The parties engage in morally hazardous behavior. Formal institutions. but they take the chance because there is no outsider able to punish them. The line between institution and culture. developed as well as developing. The degree to which informal institutions are manifest. This is nowhere more apparent than in African countries. Once this behavior is regularized and more than a few individuals practice it. nor is society just made of organized interests. The emergence in this case of informal behavior and institutions is a manifestation of the invisible power that exists in society and helps share outcomes.The Study of Politics and Africa 7 important. It is in the interaction between state and society. but analytically as well as empirically are understood as one. reflect culture as much as informal institutions do. Individuals behaving this way respond to an unwritten rule that can be described as rational. Right now. and thus easy to study empirically. That is why there is a reason to think about informal behavior and institutions as a system driven by a social logic that is different from market economics or the way the modern state operates. with the growing interest in informal institutions. This interest has been empirically nurtured in recent years by changes in the global economy that exacerbate conflicts between . differs from country to country. between things public and private. Culture cannot be dismissed as irrelevant to political scientists because it is the foundation on which not only formal. Economy and culture are no longer two separate spheres. they do not always succeed. that increasingly important institutional developments take place. therefore. The new emphasis on informal institutions recognizes that political economy choices are socially and culturally embedded. but they can never be ignored altogether. Individuals paying their contractors escape the burden of the state. Although those in power may have an interest in formalizing these institutions. between public and private. Informal institutions challenge their legitimacy when a discrepancy occurs between the cultural norms guiding formal and informal institutions. informal institutions emerge. although limited in their longevity. the latter agree to the deal in the hope that they will get more business that way. Politics is not autonomous of society. Several factors help explain why informal institutions have been largely ignored in the past. The process may manifest itself primarily in incidental informal behavior. Africanists have a golden opportunity to prove their region’s significance to the rest of the field of comparative politics and beyond. There is certainly a significant informalization going on in every society. I have referred to it as the economy of affection (Hyden 1980). is much less clear-cut than our mainstream theories assume. such as when people pay contractors under the table to avoid paying the value-added tax to the state. but also informal institutions arise. One factor is the inclination in mainstream political science to ignore the private realm. Researchers do not have to be feminists or postmodernists to acknowledge the role power plays outside the public realm or that power relations have political implications beyond the mere social.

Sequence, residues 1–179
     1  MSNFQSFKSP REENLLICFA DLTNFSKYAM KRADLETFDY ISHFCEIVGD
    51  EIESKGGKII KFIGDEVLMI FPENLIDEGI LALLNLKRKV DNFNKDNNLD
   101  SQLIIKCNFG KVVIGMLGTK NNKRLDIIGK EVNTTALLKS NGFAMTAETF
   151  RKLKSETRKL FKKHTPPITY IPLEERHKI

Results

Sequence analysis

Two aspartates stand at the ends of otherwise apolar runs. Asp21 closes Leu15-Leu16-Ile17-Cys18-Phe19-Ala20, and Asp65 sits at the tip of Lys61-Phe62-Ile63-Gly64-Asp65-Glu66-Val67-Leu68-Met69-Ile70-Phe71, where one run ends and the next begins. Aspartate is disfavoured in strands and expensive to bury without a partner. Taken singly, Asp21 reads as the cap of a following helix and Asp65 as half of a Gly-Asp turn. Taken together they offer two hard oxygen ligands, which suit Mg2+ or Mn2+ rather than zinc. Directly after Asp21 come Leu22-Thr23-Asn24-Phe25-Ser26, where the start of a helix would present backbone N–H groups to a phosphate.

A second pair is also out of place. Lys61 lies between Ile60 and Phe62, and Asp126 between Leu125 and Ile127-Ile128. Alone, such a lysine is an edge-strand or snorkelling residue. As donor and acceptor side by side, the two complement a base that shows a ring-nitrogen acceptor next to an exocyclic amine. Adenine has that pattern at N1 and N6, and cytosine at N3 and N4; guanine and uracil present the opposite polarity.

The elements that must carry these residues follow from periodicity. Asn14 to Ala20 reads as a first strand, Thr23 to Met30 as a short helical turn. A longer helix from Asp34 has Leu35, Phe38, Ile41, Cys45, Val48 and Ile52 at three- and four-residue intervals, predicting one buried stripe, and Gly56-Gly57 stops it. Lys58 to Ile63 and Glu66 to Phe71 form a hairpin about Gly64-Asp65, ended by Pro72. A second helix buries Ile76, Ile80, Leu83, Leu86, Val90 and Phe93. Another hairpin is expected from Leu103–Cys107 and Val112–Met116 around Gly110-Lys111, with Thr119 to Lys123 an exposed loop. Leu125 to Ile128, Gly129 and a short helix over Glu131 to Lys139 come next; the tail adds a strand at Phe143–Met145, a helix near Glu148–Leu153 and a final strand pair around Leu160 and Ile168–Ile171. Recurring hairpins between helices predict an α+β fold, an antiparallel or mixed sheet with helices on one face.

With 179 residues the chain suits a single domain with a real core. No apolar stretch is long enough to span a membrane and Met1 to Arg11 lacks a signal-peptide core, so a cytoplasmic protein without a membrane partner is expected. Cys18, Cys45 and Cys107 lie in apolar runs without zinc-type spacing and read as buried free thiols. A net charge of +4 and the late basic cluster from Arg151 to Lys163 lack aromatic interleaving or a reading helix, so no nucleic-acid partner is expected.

This philosophy prevailed in the last days of colonial rule and in the early years of independence in Africa. became how to design integrated programs that addressed . In the perspective of these economists. Lodged in a modernization paradigm – implying that development is a move from traditional to modern society – this approach was characterized by great confidence and optimism. the challenge looked easy. when analysts and practitioners recognized that the assumption that development would trickle down from the well endowed to the poor. This connection has helped shape the research agenda in all these disciplines partly by the policy concerns it has raised. informal behavior and institutions develop to cope with these formal restrictions. The important thing in this second phase. informality is the mainstay of life in Africa. Because movement of people across borders is strictly regulated. and often also of anthropologists and geographers. The second phase began in the latter part of the 1960s.8 African Politics in Comparative Perspective capital and people. though. This becomes especially apparent as one turns to the link between politics and development in Africa. How it operates there is of both intellectual and strategic significance. development in the emerging states of what has since become the Third World would be best achieved through transfers of capital and technical expertise (Rapley 1996). Although it was not reconstruction (as with the Marshall Plan in Western Europe after the Second World War) but development that was attempted in Africa. thus generating ripple effects. A brief recapitulation of how this has affected research may be in order. This means that what social scientists interested in Africa have done is to adjust their scholarly interests to fit the priorities expressed by the key agencies in the international development community. Again. but one that manifests itself in terms of strict adherence to formal rules as opposed to creative formation of informal rules that circumvent the former. therefore. development was operationalized with little or no attention to context. The point is that this new research frontier is present in many everyday situations both in developed and developing societies. proved mistaken. partly because of the funding it provides. the many corporate scandals around the world indicate that this conflict is no longer merely between capital and labor. Convinced that something else had to be done to reduce global poverty. The principal task was to ensure that institutions and techniques that had proved successful in modernizing the Western world could be replicated. This type of conflict is evident also in the contradiction between free capital and bound labor (Sassen 1998). Defined largely in technocratic terms. the international community decided that a sector approach would be more effective. For several decades now. the region’s development concerns have been part of the research agenda of economists. political scientists. For instance. It began in the 1960s with the emergence of a new field – development economics. as understood in the orthodox Marxian political economy.